One of the best reasons to travel isn’t just to see things. It’s also to experience local cultures. Part of that means sharing in the local food. There are plenty of places around the world that provide truly delicious experiences for visitors. They include famous destinations like Paris and lesser-known locales in the developing world.
One of the most famous cities for foodies is Paris, France. This city has a huge reputation in the culinary world, and for good reason. Parisians love their food and wine. The markets in the city are as worth seeing as many of the museums. There are also plenty of food-centric tours in and around Paris. For example, the Taste of Montmartre tour takes people through the food culture of one of the most unique, cobblestoned villages in Paris. Other options include Bustronome, a bus company that provides a gourmet meal to tourists as they see Paris.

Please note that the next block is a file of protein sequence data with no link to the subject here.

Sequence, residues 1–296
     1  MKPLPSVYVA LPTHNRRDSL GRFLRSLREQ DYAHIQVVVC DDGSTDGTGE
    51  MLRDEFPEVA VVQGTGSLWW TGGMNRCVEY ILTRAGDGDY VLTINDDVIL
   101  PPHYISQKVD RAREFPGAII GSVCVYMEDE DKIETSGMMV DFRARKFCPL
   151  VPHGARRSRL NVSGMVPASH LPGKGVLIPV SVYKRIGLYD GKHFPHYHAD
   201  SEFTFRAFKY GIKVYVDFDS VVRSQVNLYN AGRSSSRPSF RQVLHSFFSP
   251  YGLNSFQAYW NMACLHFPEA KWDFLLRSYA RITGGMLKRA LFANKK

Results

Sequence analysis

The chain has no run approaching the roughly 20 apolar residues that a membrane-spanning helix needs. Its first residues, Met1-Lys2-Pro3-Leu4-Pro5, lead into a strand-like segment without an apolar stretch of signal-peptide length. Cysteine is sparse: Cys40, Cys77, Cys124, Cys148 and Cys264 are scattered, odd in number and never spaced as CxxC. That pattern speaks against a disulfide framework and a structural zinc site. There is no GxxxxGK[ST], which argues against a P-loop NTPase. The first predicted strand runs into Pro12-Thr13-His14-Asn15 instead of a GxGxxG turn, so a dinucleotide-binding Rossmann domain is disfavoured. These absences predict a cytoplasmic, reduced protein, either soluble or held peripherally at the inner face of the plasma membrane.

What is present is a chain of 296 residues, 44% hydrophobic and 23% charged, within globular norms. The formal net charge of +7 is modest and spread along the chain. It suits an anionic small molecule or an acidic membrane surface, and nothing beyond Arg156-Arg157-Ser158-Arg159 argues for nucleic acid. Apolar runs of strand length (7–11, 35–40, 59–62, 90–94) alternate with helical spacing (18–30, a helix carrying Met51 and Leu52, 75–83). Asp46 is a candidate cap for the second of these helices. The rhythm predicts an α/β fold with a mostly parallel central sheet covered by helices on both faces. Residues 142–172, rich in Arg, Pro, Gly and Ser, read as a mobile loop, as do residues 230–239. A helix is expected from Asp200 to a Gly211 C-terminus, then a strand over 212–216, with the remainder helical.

Copenhagen, Denmark is less well known as a foodie-friendly destination. But in recent years, this city has really made a mark for itself in the culinary world. Copenhagen is home to award-winning restaurants like Relae and Noma. Relae serves all organic food, and became the first such restaurant to make it onto a World Top 50 list. Noma is a two Michelin star restaurant. It’s home to the visionary chef Rene Redzepi. Redzepi is known for using local foods in his restaurant. He goes so far as to forage for ingredients. Noma has been named the Best Restaurant in the World by Restaurant magazine four times since 2010.
Manila is the capital of the Philippines and one of the most exciting places to eat worldwide. This city is home to an incredible variety of street food. Quiapo Market, located by Quiapo Church, is a great place to find everything from spring rolls to balut. This crowded market is something of a free-for-all, and visitors should be prepared for an adventure. Skinita Street Foodz provides a higher-quality, more up-market take on Manila’s street food tradition. This establishment offers everything from fried rice to nachos and other comfort foods. The decor is true to the roots of the street-food tradition. Graffiti adorns the walls, and the menus use a self-consciously edgy font.